— Travel n Tour

How Do You Write an Anthony Bourdain Book Without Anthony Bourdain?

Throughout the book, Ms. Woolever never claims that the guide is comprehensive — and the end result does feel incomplete and unbalanced. Ghana, Ireland, and Lebanon get three pages apiece; the United States receives nearly 100. There is a chapter on Macau, but nothing on Indonesia or Thailand. These are somewhat predictable shortcomings, dependent as the book is on voice-over transcripts spanning decades and the impossible task of stringing them together across time.

Some of the inclusions feel at odds with Mr. Bourdain’s avoid-the-tourists approach to travel, as well. In the Tokyo section, recommendations include the Park Hyatt hotel (made famous by “Lost in Translation,”); Sukiyabashi Jiro, the restaurant at the center of the documentary “Jiro Dreams of Sushi”; the bizarre kitsch-fest that is the Robot Restaurant; and a bar in the tourist-clogged Golden Gai neighborhood. These may be all appealing attractions to a first-timer in Tokyo, but there is nothing in that selection that you wouldn’t find at the top of an algorithm-generated TripAdvisor list.

When I asked Ms. Woolever about these recommendations, she agreed they were perhaps obvious choices but said Mr. Bourdain wanted to include them because of how much they meant to him after many visits to the city. “He wasn’t always (or, arguably, ever) about cool for cool’s sake or obscurity as its own reward,” she said in an email.

If it’s a guide they are after, though, travelers may be left wanting. In Cambodia, you get recommendations for three hotels, two markets for dining, and a suggestion to check out the temples of Angkor Wat, the country’s most famous attraction by a long shot. It isn’t exactly the list of hole-in-the-wall spots with no addresses that fans of Mr. Bourdain may be hoping for. What those fans will find though, is Mr. Bourdain’s word-for-word rant against American military involvement in Cambodia (“Once you’ve been to Cambodia, you’ll never stop wanting to beat Henry Kissinger to death with your bare hands.”) Having those passages — the no-holds-barred monologues that were a hallmark of his television shows — in one place might be the book’s greatest strength.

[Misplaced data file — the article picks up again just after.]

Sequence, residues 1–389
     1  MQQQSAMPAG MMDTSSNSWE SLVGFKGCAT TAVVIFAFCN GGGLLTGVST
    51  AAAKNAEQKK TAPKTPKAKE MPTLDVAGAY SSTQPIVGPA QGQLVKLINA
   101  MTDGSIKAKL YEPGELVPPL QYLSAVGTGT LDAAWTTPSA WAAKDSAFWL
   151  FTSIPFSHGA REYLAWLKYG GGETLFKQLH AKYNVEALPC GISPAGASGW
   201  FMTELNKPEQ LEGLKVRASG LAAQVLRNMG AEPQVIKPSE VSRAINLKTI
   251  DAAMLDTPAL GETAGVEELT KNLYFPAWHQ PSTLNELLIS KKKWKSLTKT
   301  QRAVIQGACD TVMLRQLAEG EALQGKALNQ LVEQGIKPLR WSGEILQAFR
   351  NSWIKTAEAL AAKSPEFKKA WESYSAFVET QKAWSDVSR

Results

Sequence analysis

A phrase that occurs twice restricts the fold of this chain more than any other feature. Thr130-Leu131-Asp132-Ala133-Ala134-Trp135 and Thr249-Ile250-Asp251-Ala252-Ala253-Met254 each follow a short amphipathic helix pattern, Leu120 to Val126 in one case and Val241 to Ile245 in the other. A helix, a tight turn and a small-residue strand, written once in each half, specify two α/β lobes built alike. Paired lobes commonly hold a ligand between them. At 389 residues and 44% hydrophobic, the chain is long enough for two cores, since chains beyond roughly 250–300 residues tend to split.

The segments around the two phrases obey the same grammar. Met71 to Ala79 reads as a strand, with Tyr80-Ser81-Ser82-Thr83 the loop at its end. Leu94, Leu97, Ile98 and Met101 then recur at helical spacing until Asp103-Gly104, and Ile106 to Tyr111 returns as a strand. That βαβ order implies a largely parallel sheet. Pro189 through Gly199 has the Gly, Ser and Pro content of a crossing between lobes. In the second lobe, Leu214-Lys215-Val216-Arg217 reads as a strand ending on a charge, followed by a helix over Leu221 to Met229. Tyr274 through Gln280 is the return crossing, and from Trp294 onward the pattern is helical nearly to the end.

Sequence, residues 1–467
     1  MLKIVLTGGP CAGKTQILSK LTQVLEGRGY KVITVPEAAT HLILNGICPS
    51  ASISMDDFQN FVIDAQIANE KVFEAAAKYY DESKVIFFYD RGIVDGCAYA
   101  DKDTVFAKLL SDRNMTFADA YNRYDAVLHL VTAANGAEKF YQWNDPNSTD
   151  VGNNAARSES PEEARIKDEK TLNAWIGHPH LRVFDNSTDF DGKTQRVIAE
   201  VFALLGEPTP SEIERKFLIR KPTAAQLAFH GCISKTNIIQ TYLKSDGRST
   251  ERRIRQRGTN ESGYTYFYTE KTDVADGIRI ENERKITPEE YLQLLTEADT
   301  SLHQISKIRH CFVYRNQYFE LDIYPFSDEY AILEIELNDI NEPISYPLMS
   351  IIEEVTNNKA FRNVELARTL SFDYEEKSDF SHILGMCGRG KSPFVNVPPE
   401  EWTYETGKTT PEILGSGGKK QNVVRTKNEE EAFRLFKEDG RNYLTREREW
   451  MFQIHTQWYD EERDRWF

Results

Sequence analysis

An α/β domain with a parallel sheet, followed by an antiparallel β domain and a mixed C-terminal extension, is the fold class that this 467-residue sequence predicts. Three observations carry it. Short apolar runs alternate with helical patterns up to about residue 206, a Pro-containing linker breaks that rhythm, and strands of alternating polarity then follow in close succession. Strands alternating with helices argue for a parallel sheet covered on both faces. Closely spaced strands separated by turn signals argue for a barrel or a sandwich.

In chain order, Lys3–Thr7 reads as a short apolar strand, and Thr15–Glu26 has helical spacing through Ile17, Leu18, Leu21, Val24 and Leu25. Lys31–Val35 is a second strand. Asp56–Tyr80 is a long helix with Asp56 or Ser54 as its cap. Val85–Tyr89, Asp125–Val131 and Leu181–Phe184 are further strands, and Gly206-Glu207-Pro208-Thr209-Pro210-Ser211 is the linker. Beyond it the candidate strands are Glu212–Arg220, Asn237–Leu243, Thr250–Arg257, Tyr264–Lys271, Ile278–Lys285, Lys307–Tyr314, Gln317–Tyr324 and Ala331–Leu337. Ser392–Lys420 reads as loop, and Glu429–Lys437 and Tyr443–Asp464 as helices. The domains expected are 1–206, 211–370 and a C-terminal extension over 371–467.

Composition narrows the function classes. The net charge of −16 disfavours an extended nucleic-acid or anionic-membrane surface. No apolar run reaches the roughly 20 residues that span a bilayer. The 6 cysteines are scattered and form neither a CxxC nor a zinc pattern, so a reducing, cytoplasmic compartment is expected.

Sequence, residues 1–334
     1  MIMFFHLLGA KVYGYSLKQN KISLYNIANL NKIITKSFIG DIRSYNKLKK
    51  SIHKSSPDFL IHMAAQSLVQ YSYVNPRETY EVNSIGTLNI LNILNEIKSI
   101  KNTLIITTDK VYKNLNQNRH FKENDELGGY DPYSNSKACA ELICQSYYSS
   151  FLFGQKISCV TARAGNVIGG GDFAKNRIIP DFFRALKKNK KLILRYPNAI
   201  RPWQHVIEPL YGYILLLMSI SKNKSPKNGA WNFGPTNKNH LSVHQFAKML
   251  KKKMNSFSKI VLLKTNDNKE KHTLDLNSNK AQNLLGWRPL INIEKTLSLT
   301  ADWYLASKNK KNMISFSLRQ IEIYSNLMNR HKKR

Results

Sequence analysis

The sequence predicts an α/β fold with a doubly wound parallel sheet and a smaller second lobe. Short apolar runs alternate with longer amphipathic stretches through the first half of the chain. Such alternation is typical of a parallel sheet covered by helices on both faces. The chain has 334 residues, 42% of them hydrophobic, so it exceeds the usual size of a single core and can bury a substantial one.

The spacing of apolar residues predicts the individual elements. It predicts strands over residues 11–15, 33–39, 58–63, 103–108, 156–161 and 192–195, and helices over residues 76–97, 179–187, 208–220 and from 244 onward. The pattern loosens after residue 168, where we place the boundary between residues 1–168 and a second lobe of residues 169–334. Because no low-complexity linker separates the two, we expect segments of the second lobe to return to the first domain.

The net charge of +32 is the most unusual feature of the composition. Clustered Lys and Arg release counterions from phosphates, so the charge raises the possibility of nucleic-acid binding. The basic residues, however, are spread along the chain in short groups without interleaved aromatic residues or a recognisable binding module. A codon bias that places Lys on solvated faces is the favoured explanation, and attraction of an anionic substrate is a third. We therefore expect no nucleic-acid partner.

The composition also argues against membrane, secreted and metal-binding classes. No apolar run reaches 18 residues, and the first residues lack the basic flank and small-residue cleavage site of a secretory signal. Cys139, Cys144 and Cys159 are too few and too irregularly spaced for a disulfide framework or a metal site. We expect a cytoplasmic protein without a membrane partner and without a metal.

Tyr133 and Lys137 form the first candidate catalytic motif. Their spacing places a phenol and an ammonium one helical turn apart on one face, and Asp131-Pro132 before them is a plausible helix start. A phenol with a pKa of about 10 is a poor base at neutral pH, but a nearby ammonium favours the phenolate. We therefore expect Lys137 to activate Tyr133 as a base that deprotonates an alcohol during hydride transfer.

Over the decades that Mr. Bourdain spent traveling the world, there was a lot of talk of the “Bourdain Effect”: how a culinary gem, previously only frequented by those in the know, could be “ruined” by being included in his show. When I asked Ms. Woolever whether she thought this book could amplify that effect, she emphasized that most business owners knew what they were in for when approached by producers. “People call it the ‘Bourdain Effect,’ but Tony didn’t invent it,” she said. “It’s something that business owners have to weigh out for themselves.”

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